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Warning signs erected after tests reveal toxic algae at Belmont Pool
2:28pm Wednesday 11th June 2014 in News
There are fears for dog safety as a blue-green algae has been found in Belmont Pool.From left: Nicola Lynch, Parish Councillor Mark Schoffer, Councillor Glenda Powell and Ann Schoffer. Photo: James Maggs. (7045535)
WARNING signs have been erected at a Hereford lake after tests revealed the water is contaminated with potentially poisonous algae.
The Hereford Times has previously reported how one dog died and others became ill after being walked at Belmont Pool.
Ilze Paranuka, 22, was behind a petition that called for urgent investigations to be carried out in the area after her seven-month-old springador puppy Monty died just days after being walked at the site in south Hereford.
And the Environment Agency has this week confirmed that tests have revealed there is a form of toxic blue-green algae in the area.
Councillor Glenda Vaughan-Powell, who lives nearby and has been warning local residents and dog walkers about the dangers, said residents have been advised not to allow dogs to drink the water.
She said: “Parents have also been advised to tell their children not to swim at the pools.
"The blue-green algae is naturally occurring and we unfortunately have to let it run its course, which normally ends when the weather turns frostier.
"We have already informed the public via the council's website."
Warning signs were erected at around 7am on Tuesday, in line with the Environment Agency's recommendations.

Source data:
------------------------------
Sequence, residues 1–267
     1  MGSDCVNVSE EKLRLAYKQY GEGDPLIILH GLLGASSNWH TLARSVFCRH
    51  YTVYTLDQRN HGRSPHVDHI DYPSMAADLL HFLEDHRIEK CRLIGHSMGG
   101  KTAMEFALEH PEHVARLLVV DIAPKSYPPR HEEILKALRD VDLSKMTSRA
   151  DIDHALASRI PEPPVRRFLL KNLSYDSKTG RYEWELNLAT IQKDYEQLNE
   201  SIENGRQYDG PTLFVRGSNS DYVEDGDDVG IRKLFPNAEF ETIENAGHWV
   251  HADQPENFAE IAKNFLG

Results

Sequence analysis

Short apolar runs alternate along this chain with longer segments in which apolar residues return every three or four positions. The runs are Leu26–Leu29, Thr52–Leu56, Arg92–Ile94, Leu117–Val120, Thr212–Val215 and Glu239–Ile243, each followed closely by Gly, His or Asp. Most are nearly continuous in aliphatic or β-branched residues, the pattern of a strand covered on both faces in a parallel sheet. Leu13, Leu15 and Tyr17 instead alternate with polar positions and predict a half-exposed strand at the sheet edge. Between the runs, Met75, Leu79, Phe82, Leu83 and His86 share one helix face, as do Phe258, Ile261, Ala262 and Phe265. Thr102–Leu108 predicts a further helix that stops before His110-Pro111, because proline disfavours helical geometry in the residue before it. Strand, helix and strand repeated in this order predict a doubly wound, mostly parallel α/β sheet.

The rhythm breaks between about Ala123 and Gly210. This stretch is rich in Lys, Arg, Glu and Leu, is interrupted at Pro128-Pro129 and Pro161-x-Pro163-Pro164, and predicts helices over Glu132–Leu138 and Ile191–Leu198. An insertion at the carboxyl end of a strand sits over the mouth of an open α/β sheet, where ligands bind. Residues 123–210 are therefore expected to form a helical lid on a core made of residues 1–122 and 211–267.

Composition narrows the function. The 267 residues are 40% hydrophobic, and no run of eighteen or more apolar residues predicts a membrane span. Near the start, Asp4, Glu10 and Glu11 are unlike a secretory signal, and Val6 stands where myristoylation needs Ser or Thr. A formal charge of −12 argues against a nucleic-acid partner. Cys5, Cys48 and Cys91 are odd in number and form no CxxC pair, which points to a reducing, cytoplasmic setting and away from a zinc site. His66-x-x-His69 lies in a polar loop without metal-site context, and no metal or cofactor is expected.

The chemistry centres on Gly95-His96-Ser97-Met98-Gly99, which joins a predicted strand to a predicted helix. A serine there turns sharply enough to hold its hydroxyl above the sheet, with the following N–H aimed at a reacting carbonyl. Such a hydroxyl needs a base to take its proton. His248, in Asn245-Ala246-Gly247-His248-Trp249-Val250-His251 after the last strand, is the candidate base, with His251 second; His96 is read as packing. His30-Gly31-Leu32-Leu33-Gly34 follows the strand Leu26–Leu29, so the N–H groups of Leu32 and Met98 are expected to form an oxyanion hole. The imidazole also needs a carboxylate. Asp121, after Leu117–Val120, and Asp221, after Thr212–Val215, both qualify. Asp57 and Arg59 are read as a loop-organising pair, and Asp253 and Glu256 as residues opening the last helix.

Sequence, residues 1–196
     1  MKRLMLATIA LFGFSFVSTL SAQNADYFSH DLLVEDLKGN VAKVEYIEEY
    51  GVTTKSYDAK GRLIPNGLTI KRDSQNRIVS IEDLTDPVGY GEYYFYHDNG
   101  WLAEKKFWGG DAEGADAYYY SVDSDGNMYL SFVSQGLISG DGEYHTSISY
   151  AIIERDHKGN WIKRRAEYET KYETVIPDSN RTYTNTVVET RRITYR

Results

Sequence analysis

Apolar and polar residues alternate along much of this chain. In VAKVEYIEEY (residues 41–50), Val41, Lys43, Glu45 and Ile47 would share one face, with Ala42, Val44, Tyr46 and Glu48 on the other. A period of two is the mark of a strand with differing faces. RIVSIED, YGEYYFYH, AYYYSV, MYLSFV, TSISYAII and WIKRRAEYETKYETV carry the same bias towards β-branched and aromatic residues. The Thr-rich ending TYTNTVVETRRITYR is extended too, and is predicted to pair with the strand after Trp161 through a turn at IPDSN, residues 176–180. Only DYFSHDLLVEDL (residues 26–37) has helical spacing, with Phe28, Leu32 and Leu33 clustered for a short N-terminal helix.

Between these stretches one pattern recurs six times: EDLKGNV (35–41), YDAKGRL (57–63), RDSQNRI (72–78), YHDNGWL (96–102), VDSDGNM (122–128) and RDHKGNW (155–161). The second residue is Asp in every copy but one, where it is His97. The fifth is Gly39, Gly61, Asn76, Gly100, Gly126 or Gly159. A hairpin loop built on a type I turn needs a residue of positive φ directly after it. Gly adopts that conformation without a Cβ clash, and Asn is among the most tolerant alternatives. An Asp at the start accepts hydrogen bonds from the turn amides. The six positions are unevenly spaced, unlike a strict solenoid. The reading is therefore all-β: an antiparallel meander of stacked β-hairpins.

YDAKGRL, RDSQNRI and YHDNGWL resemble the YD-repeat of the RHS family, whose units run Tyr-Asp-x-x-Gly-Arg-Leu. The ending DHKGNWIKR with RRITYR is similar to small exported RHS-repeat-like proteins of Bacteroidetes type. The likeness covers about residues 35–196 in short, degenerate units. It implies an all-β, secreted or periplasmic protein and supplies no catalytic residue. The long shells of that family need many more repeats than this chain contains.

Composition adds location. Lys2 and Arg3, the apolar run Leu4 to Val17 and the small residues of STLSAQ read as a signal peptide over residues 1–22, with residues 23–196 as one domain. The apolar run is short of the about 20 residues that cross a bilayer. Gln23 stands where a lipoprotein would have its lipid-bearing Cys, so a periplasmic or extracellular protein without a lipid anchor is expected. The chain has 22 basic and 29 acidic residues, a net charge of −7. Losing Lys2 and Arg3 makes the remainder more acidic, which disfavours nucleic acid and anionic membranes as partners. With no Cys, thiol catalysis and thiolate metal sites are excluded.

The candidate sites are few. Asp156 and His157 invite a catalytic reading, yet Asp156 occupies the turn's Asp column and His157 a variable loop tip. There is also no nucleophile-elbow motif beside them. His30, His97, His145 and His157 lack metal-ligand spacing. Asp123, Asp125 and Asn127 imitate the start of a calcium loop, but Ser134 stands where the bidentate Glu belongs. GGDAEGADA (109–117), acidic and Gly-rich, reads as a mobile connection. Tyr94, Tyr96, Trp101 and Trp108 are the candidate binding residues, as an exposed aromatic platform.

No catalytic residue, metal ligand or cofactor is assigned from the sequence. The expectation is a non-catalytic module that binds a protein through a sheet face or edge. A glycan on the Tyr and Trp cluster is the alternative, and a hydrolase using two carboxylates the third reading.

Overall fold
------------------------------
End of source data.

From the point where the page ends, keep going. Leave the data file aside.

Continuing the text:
According to the Environment Agency, the blue-green algae can produce toxins called Harmful Algal Blooms (HABs) which can kill wild animals, farm livestock and domestic pets.
In humans, they can cause rashes after skin contact and illnesses if swallowed.
Although not all blue-green algae blooms and scums are toxic, it is not possible to tell by looking at them and it is recommended they be avoided.
It is a natural annual feature of some waters and changes in water management – such as changing water circulation, increasing shade, reducing nutrient input or, in some cases, removing nutrients – can control the algae.
Illnesses caused by the algae can include skin rashes, eye irritation, vomiting, diarrhoea, fever, muscle and joint pain in people who’ve swallowed or swam through algal scum.
And though the news comes too late for Monty, Ms Paranuka is pleased to see that her call for an investigation was answered.
She said: "I now have a peace of mind and can stop blaming myself. We are now trying to close this chapter and are proud of how many dogs we have saved."
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